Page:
Commentary: Too many NCAA golf scholarships for women go unclaimed

Danielle Kang watches her tee shot on the fifth hole during the final round of the Women's PGA Championship golf tournament at Olympia Fields Country Club in Olympia Fields, Ill.
Danielle Kang watches her tee shot on the fifth hole during the final round of the Women’s PGA Championship golf tournament at Olympia Fields Country Club in Olympia Fields, Ill.
(Charles Rex Arbogast / AP)

Give a girl a set of golf clubs, and you just might change her life.

The National College Athletic Assn. (NCAA) estimates that every year 200 college golf scholarships for young women go unclaimed. Too few girls compete in the sport to qualify for these scholarships, which means many young women are missing an opportunity that could make all the difference to their education, their income and their future.

As the father of a daughter, this statistic hit home for me. As the president and CEO of Goodwill Industries of Orange County, and the current chairman of the board of directors for Southern California PGA Foundation, I knew there was something we could do about it. Every day I witness how small acts of generosity can lift barriers to success.

When we learned about the unclaimed scholarships, my peers and I at our local section of the PGA launched Clubs Fore Kids.

In the first year, this novel program provided golf clubs, balls and access to golf professionals and their expertise to girls at low-income high schools. Through generous donations of the supporters of the Southern California PGA Foundation, we distributed 300 sets of golf clubs to girls’ high school teams at 29 low-income schools in Southern California. Next year, we intend to double that.

In 2018, the Southern California PGA Foundation, the charitable arm of the Southern California Section of Professional Golfers Assn. of America, hopes to raise $200,000. Our plans in 2018 include expanding our program to include low-income boys.

Involvement in team sports has a proven effect on students’ college-readiness. Education researchers have found that high school athletes have higher grade-point averages and fewer absentees than non-athletes. They learn teamwork, responsibility and the importance of persistence, patience and practice.

Golf is not like other sports. Long considered an elite recreational activity, golf requires specialized equipment, specialized knowledge gained through expert instruction and access to specific places to play — and none of these come cheap. Clubs Fore Kids provides the equipment, specialized lessons and access to play at nearby golf courses for students who would otherwise have little to no access to the sport.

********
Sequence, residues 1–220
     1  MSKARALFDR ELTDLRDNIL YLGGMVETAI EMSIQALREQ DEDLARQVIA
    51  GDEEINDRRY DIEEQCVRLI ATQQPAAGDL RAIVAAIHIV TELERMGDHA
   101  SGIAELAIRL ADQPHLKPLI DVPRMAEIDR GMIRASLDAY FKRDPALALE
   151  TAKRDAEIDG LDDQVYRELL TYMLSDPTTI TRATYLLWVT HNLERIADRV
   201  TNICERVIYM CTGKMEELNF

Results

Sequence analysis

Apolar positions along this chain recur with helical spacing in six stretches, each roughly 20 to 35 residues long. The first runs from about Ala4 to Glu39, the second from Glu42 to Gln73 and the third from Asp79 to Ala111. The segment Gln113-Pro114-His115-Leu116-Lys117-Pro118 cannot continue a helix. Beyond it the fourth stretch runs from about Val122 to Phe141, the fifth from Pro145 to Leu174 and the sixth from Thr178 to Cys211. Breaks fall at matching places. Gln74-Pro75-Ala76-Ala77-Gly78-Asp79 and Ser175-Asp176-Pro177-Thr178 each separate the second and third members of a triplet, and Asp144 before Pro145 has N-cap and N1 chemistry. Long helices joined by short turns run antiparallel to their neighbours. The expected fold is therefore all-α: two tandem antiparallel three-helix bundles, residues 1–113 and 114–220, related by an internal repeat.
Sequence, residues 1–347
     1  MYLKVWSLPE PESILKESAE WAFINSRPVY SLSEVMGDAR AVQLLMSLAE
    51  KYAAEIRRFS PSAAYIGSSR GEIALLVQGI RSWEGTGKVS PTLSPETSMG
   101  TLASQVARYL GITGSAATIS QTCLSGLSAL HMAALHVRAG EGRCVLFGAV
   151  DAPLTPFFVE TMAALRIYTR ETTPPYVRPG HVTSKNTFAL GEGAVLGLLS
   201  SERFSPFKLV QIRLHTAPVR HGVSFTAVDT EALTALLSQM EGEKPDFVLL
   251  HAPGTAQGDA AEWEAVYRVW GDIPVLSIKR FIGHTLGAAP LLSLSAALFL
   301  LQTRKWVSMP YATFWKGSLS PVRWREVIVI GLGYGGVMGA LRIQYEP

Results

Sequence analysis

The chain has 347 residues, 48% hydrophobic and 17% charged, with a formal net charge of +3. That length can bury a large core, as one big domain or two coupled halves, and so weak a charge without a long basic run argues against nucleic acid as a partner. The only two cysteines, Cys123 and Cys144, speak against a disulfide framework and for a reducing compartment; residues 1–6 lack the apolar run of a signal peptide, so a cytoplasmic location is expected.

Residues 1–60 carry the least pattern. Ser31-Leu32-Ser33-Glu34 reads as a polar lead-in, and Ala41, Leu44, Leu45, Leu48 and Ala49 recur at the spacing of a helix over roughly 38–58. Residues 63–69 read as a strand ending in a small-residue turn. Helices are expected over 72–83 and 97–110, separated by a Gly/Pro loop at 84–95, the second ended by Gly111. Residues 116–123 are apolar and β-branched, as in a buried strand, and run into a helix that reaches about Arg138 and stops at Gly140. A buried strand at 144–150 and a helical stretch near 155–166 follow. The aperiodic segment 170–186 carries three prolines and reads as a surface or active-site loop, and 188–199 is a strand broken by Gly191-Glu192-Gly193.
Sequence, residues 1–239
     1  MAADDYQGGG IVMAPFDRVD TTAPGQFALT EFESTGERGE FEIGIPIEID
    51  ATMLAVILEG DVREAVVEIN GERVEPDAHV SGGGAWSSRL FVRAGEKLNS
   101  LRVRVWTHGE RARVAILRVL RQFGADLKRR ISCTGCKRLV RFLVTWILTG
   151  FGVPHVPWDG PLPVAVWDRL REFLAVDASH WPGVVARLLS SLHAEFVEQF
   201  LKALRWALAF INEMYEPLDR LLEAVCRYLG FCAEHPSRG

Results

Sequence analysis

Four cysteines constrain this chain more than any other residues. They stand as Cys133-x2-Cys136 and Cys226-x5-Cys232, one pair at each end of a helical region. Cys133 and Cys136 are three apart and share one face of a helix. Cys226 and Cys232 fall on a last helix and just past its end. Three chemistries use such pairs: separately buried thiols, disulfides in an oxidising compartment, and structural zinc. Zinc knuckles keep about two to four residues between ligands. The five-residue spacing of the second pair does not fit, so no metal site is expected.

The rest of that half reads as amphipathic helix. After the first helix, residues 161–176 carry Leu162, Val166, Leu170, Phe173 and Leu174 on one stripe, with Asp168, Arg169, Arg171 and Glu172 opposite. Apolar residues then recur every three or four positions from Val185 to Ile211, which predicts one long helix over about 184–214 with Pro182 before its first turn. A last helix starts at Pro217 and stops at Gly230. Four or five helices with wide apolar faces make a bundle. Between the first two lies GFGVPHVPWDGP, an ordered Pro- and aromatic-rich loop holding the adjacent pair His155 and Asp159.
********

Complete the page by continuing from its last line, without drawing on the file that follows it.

In its first year, several hard and soft goods partners have stepped up to support our efforts with their equipment, including Wilson Sporting Goods. Moreover, the Southern California PGA has enrolled girls in the PGA Link program, which gives them access to golf courses and professional lessons taught by PGA professionals who are, by their vocation, the undisputed leaders in the growth of the game.

The Clubs Fore Kids program is opening up the possibility that the girls benefiting from this program could claim college sports scholarships and other opportunities previously out of their reach.

In the 2016-17 school year, more than 141,000 boys participated in a high school golf program, compared to only 75,000 girls. The reasons many experts cite is access to proper instruction, barriers to practice time and locations, and appropriate role models. We could change that in a few short years.

And we should.

Golf encourages sportsmanship, integrity and honesty. With no referees, it’s up to each golfer to assess, as appropriate, penalties on themselves. That’s one of my favorite aspects of the sport — and as long as we’re talking about honesty, I think this might be a good time to admit I’m a terrible golfer.

But I deeply appreciate how golf serves as a reflection of everyday life. You can learn a lot about a person when you play a round of golf. If they hit a bad shot, do they curse and throw clubs? Do they display integrity? How you overcome adversity, the patience you show and whether you do the right thing is all evidenced on the golf course. This unavoidably carries over into life, and what a magnificent place this would be for us all if these traits carried over reliably and repeatedly.

Let’s do the right thing and bring more girls into the game.

FRANK TALARICO is the president and CEO of Goodwill of Orange County and chairman of the Southern California PGA Foundation.